“You can’t know how you would behave in a crisis until it drops out of the sky and knocks you down like a bandit: stealing your future, robbing you of your dreams, and mocking anything that resembles certainty. Sudden tragic events and even slow-burning disasters teach us more about ourselves than most of us care to know” (7).
- Lee Woodruff, “In An Instant”
As I mentioned at the start of the summer, I have been doing some volunteer work at a local hospital. I really want to talk about the experience, but I am going to keep this sort of general and vague, in order not to violate the privacy of anyone involved.
That said, I have been truly amazed by this experience so far. For me, I wanted to do something fulfilling (and outside of academia), and I also wanted to try and make the hospital a less imposing place for me to be. I didn’t want all of my hospital experiences to be as a patient, to be only on the side of the vulnerable and helpless.
And I’ve seen it now, from the other side. Patients’ families have their own private clubs. It’s like the way it used to be at the airport. They step off of the elevator and run into each others arms. They share in each others joy and sorrow. They celebrate progress made, organs procured. And they mourn losses and setbacks. And they do this together.
I know from my experience as a patient, it is worse to be a family member; watching, waiting, hoping, praying. And to see how these families persevere, given great odds and uncertainty, is truly amazing to me. You’re never quite as alone as you may feel that you are.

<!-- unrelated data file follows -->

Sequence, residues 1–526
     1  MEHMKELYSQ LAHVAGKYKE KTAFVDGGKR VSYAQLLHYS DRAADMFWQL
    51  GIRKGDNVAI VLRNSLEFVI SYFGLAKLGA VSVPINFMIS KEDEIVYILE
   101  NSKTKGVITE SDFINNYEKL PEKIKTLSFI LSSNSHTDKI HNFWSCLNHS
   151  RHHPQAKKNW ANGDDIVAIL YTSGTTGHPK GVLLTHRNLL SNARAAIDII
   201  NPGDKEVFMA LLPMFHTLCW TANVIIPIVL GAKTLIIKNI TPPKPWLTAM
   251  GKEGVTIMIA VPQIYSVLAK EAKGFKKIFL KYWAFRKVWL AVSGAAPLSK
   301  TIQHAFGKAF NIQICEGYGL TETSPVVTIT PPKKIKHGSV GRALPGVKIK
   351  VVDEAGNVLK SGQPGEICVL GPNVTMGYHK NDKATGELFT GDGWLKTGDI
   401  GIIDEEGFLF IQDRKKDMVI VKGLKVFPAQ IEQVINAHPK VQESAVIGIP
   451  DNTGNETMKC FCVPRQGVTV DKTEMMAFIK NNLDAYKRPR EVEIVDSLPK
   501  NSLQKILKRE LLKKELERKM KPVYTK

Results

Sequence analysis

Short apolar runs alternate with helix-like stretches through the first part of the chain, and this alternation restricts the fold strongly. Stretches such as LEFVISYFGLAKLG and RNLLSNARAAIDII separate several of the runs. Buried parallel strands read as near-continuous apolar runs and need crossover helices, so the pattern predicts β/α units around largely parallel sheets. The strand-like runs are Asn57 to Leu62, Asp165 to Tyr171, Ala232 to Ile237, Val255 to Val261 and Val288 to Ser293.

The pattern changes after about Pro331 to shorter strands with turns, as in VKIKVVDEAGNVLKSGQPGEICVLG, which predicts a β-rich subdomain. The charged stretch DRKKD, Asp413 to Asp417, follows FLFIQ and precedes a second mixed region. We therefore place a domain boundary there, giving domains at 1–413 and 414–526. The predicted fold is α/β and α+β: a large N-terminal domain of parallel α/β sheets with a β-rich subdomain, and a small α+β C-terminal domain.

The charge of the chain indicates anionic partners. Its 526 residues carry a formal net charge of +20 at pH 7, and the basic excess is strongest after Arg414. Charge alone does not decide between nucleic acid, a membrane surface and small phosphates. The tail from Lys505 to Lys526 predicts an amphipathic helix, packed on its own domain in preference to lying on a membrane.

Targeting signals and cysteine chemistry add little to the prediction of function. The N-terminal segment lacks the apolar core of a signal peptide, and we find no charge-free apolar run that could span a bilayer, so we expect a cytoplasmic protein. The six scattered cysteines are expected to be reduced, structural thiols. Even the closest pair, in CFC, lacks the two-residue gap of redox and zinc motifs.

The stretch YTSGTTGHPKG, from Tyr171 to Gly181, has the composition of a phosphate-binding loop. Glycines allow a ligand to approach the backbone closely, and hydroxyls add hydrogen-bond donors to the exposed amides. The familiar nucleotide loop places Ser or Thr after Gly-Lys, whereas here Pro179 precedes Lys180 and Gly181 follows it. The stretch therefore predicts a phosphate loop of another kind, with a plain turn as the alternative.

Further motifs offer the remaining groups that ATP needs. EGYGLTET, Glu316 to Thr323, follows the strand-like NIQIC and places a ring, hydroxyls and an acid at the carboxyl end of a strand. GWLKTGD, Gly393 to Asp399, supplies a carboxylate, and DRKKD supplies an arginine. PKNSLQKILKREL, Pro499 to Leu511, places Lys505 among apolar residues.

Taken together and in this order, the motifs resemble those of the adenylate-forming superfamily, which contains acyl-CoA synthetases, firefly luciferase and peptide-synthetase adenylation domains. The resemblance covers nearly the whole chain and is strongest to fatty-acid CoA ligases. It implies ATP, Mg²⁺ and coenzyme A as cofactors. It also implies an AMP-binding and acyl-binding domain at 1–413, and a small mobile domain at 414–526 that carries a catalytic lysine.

I’ve also seen patients come back to visit nurses, to show their appreciation. Patients that were on the brink of death. And I’ve seen nurses smile such large smiles, a combination of pride and admiration, a side so rarely seen. And this is what it’s about. It’s not about what happens in the open, when doctors come to tell families how surgery went. It’s about the moments that happen behind closed doors; the moments when doctor, patient, family, nurse, and all others involved become one, coming together to make sure that the patient gets the best possible care and treatment.
Having seen it on all sides, it’s not easy, no matter which way you look. But it is possible. It is possible that all parties involved will have one common goal; to see the patient through this medical crisis. Despite the minimal information provided, I will say that in the unit I volunteer in, the patients are critically ill. And I feel lucky that, given my own improvement in health, I am able to donate some of my time to others.
There are multiple sides to every story. What keeps me going is knowing that illness isn’t easy for anyone involved. It’s a journey, a constant evolution of learning and education. And because illness can be isolating, I think we sometimes forget that it isn’t just about us. It is also about our doctors, who try to help and heal us, our family and friends who try to support us, and even those naysayers, who try to make us feel like we are less human because we are sick. The patient experience is informed by all of these entities. And I’m not sure I would have been able to really see that if I hadn’t viewed things from the other side.
There are times in life when you do things, regardless of what may or may not come from such experiences. Sometimes, in order to get, you have to be willing first to give. Such is the case with my volunteering. I didn’t go in necessarily expecting to get something in return, and yet, I have. I have enjoyed this foray into the other side of things, viewing the chronic illness experience for perspectives other than that of the patient. And I think this experience has made me appreciate just a little bit more all of the people that are a part of my team, who help me live the best I can with lupus and rheumatoid arthritis.
[…] I’ve looked at life from both sides now,
From win and lose, and still somehow
It’s life’s illusions I recall.
I really don’t know life at all”
- Joni Mitchell, “Both Sides Now”